• Two defensive players stood out watching the game a second time. J.J. Wilcox had far and away his best game in two seasons with the Cowboys. His first career interception was ridiculously athletic, the way he swung his other leg around, making sure it didn't hit the turf out of bounds. He covered so much ground on that throw, too. Wilcox hasn't been great this season, but he continues to improve, which is encouraging. He's still only played the position for about 30 games in his life.
  • The second player was Henry Melton, who tallied two sacks and a third tackle for loss in just 27 snaps. That gives him 12 hurries and 3.5 sacks on the season. And he still seems to be playing himself into football shape. Can't imagine him not returning in 2015.
  • OK, I'm not a football coach, but doesn't everyone in the league know Washington defensive coordinator Jim Haslett likes to blitz. Like, a lot. And after two sacks on third down, on bring-the-house blitzes, why isn't there protection tweaks being made? How about some halftime adjustments? Maybe a quick read, with Gavin Escobar or Cole Beasley out of the slot.
  • Watched each of the five sacks multiple times and couldn't find fault with any of the offensive linemen. Lance Dunbar and DeMarco Murray both missed blocks, and the other three the protection just wasn't there. Romo needed to make an immediate decision and didn't. They had to prepare for such instances during the week, right?
  • Escobar played just six snaps after three touchdown catches in two weeks. Puzzling.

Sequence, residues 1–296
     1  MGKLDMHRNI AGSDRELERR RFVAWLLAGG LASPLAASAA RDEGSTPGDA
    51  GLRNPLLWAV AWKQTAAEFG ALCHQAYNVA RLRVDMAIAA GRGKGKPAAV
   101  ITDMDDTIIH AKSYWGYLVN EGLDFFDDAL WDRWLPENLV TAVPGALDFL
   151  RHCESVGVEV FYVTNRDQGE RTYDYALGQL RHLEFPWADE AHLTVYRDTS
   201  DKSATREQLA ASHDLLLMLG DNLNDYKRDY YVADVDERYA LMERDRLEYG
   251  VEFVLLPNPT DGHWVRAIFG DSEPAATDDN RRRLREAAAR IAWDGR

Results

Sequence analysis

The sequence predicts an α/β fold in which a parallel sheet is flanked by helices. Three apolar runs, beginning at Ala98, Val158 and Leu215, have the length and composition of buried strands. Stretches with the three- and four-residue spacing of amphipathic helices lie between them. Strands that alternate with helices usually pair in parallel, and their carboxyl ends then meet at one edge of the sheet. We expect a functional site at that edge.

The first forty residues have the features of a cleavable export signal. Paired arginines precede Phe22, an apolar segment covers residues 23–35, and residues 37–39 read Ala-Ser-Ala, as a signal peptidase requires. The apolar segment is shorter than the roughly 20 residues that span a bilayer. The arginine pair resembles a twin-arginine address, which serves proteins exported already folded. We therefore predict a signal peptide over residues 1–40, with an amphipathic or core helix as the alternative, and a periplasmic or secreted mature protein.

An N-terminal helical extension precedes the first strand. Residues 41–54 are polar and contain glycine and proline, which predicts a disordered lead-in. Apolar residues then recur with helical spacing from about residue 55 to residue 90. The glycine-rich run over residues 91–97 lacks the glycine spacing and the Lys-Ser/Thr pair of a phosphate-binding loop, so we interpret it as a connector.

• Punter Chris Jones is having a nice season, significantly better than the last two. And his tackle on Andre Roberts on that first-quarter punt return was impressive. Even kind of tossed him at the end.
  • Much like in the preseason, Weeden gave every indication that he's comfortable in this offense and can make the throws needed when and if his number is called. That has to give his teammates confidence if Romo can't go, whether it be this week or later in the season.
  • Hard to fathom that former Cowboys backup quarterback Kyle Orton has won three of four starts for Buffalo. He has also compiled a 104.0 passer rating. Didn't see that coming. Thought he was done.
  • The game would have been completely different if not for DeMarco Murray's fumble. Could have led 14-3 going into halftime. He needs to be smart in those situations. No one is knocking him for trying to break tackles, but there's a time and place. Don't recall Emmitt Smith and Barry Sanders trying to break a ton of gang tackles.
  • Win these next two and no one is talking about the Washington game entering the bye week. Bruce Arians is the most underappreciated elite head coach in the NFL, though, and the Cardinals are 13-3 in their last 16 games. Yes, 13-3.

Follow Jeff Sullivan on Twitter, @SullyBaldHead, or email him at